Marketing tech company Adfenix rises into US market as big brokerages face new threats

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Adfenix is making its way into the U.S. real estate market.

The Sweden-based digital advertising automation company was founded in 2014 and quickly found its way into the marketing budgets of top brokerages in the United Kingdom, the Nordics and major markets Down Under. Its focus is on the enterprise, meaning it’s best suited to be a part of large operations. It shoots for clients with at least 11,500 annual sides.

More a service than a marketing product, Adfenix works closely with its clients to map out an outreach strategy and deploy online ads to push traffic to websites, earn organic responses to listing ads and create a centralized marketing resource.

The company is helping a number of notable stateside independent brokerages differentiate themselves, including Berkshire Hathaway Fox & Roach, Corcoran, Warburg, Intero and a number of other companies under LeadingRE.

Through creative ad copy, calls to action, connected landing pages and innovative campaign strategies, Adfenix bills its services on being able to pull in higher quality leads, which is what strategic, prolonged marketing is supposed to do. Relationships should be closer to established before official collaboration happens.

Marketing, after all, should support sales. However, the small budgets that saddle so many agents often prevents them from having solid marketing messages under their feet. This is often why good leads are hard to land for new and growing agents. It’s harder to sell without strategy and good creative leading the way. As result, agents turn to paid leads, a way to buy business from entities that have done the marketing for them.

The team behind Adfenix recognizes that U.S.-based portals are controlling the real estate consumer experience — and it wants to help its clients regain control. From home search to showing to selling, big, third-party companies own the majority of the buying and selling market.

Sweden’s primary property portal has historically cooperated with its data providers, sending lead data directly back to the listing agent in exchange for a fee to be advertised. The relationship is easy to understand for agents and home shoppers.

That’s not the case here.

Adfenix sees so much opportunity in the states because the conduit between listing data and consumer remains noticeably twisted. Far too many parties in the portal model have access to the consumer and their information, in turn blurring the message and stunting the relationship.

The company builds unique customer profiles for each lead that enters the ecosystem, using its technology to gauge their quality, taking into account what homes they’ve viewed, when, and in what environment, such as mobile or desktop. They plug in blogs read and other available data points from any direct website interaction history. That information is then funneled into the audience makeup for ad campaigns, segmented by those who have visited the brokerage’s website and those who haven’t — yet.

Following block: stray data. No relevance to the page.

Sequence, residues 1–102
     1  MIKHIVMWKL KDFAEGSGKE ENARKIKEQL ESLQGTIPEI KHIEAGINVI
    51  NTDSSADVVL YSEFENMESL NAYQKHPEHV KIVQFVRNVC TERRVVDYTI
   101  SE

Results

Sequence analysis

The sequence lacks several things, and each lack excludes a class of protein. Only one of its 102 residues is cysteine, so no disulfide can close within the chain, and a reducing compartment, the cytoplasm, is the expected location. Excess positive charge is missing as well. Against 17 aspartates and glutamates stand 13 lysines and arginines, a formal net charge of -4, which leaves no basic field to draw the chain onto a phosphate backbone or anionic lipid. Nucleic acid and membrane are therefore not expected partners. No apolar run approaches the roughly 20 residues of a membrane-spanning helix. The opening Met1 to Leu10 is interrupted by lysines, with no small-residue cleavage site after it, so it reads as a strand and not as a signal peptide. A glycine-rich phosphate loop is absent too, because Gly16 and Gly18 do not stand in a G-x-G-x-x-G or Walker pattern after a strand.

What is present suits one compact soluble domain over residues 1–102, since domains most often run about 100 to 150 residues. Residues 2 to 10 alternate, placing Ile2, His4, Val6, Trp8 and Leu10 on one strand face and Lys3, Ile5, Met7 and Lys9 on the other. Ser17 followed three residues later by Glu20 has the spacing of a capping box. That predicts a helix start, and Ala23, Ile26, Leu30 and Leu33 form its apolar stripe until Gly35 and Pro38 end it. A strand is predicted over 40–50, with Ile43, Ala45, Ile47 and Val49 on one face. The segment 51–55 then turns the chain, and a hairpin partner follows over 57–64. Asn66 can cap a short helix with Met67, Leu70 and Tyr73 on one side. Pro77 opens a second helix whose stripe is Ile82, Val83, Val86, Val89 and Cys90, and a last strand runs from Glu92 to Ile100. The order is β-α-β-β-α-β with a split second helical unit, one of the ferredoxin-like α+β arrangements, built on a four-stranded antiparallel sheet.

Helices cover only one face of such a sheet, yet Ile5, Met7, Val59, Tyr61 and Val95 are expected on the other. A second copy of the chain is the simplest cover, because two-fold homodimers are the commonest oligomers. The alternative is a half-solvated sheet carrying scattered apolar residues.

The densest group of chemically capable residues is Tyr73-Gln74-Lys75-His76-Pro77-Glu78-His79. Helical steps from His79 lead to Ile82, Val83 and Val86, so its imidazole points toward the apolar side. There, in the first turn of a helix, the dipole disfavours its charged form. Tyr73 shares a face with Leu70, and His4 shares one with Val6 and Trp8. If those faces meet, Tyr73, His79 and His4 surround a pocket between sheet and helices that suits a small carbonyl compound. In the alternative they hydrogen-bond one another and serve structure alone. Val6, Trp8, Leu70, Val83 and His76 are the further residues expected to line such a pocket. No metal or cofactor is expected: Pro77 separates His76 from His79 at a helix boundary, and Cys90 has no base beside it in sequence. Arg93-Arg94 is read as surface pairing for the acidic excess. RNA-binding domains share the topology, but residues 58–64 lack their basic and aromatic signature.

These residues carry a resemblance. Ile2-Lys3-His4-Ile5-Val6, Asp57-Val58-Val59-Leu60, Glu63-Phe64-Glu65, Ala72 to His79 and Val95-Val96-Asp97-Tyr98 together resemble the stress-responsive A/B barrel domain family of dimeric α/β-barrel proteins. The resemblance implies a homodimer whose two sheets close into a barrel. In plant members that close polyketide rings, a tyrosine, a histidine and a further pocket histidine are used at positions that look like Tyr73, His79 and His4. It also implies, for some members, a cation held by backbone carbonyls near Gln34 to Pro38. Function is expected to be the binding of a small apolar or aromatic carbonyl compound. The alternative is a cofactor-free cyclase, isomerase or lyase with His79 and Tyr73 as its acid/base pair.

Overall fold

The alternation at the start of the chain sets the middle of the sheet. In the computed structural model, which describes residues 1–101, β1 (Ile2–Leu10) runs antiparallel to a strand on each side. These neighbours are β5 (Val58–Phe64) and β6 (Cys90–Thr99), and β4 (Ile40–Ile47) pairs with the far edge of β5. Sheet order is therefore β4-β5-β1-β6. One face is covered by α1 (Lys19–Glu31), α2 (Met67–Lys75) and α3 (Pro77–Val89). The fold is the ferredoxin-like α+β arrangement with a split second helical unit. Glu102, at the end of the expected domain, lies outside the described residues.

Adfenix relies heavily on its partners’ website to be the catch-all destination for prospects, meaning a website needs to be up-to-date, technically proficient and modern in look and functionality, something the industry struggles greatly with achieving. (The company’s list of U.S.-based clients may be somewhat shorter as a result.)

Brokerage staff, such as marketing directors or admins, likely serve as Adfenix’s internal champion, ensuring agents are up to speed with what campaigns are running and how they’ll be billed, as Adfenix’s software can help segment who owes what by agent. It’s ultimately easier for brokerages to pay directly and sort it out at closing.

Campaign activity can be easily monitored via dashboard per property, broken down by typical metrics such as click-through, ad type, ad location, click frequency and search engine used, among other measurables.

Adfenix is hoping to use its success to push the industry away from the idea of relationship management and into data management. From its perspective, a Customer Data Platform (CDP) will surpass the idea customer relationship management (CRM) in value to the most successful brokerages. In fact, Adfenix acquired a leading European CRM, Quedro, to make its mantra a reality.

The enterprise is the new mantelpiece for proptech. Inside Real Estate is thriving on large-scale implementations, and so is Adwerx.

In addition to being more lucrative for proptechs, providing marketing technology and strategy in broad strokes, over time, should help the industry become more consistent in how it helps the buying and selling public understand its value proposition, something the collective needs help with in the face of the rising threat from industry nonconformists. Traditional stakeholders across the market have documented their concern, calling it one of their biggest challenges of the next two years.

In short? The cracks in the foundation have gone from subtle to noticeable.

It won’t be long before they become deal-breakers. Better invest in some marketing.

Have a technology product you would like to discuss? Email Craig Rowe

Craig C. Rowe started in commercial real estate at the dawn of the dot-com boom, helping an array of commercial real estate companies fortify their online presence and analyze internal software decisions. He now helps agents with technology decisions and marketing through reviewing software and tech for Inman.

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